When most designers think of DFM, they think of deep-submicron SoCs and digital design. But more often, DFM is a factor in analog/mixed-signal flows for RFICs as well. “There’s no such thing as a pure RFIC anymore,” says Marc Peterson, director of RFIC product planning at Agilent EEsof. “All RFICs are mixed-signal chips these days, and they’re moving to the smaller process nodes where process variability is a much bigger problem.”
A key part of mixed-signal design is transistor models, which weren’t always so useful in terms of manufacturability effects such as stress. These parameters have never been part of Berkeley short-channel IGFET (insulatedgate field-effect transistor) models (BSIMs).
Over the past few years, though, transistor models have improved substantially. The Penn State-Philips (PSP) advanced compact model for MOSFETs, released in its first standard version by the Compact Model Council in 2006, accounts for non-quasistatic effects such as electron distribution in the MOSFET channel. PSP models also allow stress-based analysis at the transistor level.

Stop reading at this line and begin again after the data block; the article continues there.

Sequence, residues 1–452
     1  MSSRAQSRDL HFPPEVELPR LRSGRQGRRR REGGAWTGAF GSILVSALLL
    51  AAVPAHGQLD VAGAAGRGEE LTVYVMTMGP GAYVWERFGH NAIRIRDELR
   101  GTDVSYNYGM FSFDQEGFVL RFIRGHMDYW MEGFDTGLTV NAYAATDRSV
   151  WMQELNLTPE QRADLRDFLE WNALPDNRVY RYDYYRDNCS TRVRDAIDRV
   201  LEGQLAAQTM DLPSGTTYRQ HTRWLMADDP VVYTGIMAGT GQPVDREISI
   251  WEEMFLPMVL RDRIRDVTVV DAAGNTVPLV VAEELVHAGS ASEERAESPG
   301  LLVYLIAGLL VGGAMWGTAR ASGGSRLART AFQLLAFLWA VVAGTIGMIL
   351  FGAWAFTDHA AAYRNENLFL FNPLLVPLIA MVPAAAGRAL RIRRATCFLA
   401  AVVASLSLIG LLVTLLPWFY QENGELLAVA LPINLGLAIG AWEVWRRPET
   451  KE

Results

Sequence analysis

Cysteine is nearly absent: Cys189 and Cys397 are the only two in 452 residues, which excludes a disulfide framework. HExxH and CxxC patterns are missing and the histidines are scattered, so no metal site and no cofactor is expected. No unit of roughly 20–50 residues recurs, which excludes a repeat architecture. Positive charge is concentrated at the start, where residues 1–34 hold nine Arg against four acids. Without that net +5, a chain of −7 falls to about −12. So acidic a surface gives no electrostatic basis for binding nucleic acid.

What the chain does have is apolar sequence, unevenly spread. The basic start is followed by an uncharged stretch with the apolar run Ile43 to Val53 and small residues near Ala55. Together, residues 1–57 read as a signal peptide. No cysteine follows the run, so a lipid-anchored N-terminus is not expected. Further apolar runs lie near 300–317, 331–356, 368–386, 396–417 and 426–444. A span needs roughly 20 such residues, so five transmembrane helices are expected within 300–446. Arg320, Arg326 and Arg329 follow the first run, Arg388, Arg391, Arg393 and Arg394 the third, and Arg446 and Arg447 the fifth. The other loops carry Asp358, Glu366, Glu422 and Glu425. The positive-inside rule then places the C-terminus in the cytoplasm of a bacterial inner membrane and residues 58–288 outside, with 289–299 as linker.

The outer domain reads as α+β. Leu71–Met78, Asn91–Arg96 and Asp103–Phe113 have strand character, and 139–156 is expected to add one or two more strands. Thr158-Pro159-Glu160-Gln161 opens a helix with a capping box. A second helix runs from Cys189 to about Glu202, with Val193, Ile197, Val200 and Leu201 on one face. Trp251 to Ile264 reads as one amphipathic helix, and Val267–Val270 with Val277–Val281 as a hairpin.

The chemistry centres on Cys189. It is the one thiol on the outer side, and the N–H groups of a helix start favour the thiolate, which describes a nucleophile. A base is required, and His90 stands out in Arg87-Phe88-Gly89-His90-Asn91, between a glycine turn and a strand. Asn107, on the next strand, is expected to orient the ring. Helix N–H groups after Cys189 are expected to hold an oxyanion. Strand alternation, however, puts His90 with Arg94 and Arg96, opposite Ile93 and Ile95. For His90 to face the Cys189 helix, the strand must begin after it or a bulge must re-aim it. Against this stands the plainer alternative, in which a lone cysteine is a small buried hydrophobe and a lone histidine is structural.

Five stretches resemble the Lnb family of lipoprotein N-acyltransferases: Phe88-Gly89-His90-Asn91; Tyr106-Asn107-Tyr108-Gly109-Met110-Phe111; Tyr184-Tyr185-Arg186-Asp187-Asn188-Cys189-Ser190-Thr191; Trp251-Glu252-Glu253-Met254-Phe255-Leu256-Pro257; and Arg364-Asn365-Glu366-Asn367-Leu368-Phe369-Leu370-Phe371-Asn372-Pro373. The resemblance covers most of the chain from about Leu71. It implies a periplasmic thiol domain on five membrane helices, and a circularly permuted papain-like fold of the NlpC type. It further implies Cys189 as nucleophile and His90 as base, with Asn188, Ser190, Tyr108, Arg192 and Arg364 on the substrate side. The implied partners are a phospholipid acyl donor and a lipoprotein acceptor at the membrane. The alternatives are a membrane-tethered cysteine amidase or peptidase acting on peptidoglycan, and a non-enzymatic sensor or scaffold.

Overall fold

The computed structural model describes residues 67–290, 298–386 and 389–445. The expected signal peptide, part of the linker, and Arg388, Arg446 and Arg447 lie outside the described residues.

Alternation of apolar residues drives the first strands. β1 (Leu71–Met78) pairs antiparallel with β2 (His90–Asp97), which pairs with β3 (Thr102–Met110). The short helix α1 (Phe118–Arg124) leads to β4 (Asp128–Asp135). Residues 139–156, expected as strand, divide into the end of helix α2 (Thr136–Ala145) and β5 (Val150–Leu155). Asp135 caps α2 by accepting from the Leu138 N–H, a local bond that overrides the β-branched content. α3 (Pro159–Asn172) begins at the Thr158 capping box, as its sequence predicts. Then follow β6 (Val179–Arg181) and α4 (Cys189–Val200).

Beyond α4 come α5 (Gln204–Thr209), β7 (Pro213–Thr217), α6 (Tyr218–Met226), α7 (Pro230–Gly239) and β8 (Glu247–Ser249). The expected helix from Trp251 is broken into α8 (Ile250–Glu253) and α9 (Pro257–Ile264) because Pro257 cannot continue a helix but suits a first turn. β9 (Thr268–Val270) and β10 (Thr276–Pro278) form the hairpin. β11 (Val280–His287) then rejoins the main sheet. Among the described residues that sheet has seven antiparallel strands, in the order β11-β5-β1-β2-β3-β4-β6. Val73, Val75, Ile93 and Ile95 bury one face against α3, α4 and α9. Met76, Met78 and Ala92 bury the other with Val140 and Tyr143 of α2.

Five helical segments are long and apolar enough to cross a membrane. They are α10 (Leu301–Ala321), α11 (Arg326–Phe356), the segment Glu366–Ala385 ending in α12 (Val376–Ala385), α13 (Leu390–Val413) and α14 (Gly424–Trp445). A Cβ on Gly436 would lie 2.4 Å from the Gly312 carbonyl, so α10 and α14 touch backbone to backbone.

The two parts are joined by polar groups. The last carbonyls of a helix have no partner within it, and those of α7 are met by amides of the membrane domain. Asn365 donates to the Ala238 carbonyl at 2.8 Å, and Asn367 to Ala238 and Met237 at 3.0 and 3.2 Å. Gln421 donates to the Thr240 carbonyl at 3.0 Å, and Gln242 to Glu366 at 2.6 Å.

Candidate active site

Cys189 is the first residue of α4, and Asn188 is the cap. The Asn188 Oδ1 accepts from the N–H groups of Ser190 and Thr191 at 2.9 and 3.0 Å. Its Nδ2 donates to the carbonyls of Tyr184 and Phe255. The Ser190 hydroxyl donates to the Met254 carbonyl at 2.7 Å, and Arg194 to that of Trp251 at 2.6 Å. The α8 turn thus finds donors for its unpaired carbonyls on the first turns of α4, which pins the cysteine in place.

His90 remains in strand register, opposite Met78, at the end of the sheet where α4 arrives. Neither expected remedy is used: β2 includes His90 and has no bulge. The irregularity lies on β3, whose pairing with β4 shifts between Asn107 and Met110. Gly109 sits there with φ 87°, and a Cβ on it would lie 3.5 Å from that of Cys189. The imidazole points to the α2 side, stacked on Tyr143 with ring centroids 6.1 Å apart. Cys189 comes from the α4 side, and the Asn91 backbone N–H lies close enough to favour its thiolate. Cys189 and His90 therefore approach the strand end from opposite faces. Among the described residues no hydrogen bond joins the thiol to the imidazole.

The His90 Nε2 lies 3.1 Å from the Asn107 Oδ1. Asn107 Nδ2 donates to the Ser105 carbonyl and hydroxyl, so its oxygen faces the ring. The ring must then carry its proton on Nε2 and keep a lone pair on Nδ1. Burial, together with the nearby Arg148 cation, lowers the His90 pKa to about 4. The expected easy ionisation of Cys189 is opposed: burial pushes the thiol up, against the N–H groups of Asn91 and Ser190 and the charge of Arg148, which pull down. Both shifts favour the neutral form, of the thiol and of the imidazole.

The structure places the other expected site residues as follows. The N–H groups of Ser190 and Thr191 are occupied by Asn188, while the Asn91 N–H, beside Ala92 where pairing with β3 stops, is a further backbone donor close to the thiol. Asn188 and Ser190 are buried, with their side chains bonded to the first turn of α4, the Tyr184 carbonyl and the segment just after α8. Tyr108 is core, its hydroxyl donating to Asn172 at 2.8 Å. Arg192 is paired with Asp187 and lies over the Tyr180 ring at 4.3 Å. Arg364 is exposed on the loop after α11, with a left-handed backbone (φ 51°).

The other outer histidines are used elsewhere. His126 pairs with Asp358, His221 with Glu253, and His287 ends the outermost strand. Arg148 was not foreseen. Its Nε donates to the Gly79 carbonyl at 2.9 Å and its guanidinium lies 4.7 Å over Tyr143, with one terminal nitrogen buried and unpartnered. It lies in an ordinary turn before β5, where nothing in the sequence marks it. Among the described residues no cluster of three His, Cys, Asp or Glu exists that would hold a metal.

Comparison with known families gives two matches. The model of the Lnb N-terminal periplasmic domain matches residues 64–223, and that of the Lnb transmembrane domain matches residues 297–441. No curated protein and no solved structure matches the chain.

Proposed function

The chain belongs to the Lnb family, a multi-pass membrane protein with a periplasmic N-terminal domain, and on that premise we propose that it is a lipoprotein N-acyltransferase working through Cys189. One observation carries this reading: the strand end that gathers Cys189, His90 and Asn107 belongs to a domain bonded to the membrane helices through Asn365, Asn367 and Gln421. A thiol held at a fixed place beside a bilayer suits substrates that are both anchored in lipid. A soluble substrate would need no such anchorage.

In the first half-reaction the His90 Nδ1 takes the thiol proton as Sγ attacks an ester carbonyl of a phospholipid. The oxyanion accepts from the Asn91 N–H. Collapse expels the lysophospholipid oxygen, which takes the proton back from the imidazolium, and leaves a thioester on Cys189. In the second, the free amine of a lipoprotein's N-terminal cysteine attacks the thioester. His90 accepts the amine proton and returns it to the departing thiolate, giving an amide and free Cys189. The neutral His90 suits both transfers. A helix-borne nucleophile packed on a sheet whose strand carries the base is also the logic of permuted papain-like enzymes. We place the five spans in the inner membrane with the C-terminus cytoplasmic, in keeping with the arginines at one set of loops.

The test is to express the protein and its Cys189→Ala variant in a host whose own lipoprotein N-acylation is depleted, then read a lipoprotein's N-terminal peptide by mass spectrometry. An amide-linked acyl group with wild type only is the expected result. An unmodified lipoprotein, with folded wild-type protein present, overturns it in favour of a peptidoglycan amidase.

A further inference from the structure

Agilent EESof’s Integrated Circuit Characterization and Analysis Program (IC-CAP) was one of the first transistor modeling tools that implemented the PSP extraction algorithms, enabling foundries to create MOSFET models that included these non-quasistatic effects. “That was important because foundry enablement is critical if you want adoption of a modeling standard,” says Paul Colestock, RFIC marketing lead at Agilent EEsof. “If you can’t capture effects in the model, all the analyses in the world won’t make your silicon correlate.”
Another critical analysis category for mixedsignal design is simulation. “Corner analysis is now done for everything,” says Colestock. “But does that analysis capture everything you want it to? Corner models may or may not include RF effects. Are the models really covering corners for things like maximum oscillating frequency, noise, or intermodulation products? They’re usually not that RF-centric.”
One solution is to run a large number of statistical simulations, but that quickly becomes a bottleneck in the design process. There are ways to achieve decent statistical results without running all of those simulations, though. Agilent EESof’s Golden Gate simulator enables Monte Carlo statistical analysis in a number of ways, including correlation analysis from block to block or over levels of hierarchy. It also offers a full Monte Carlo sampling approach at circuit level.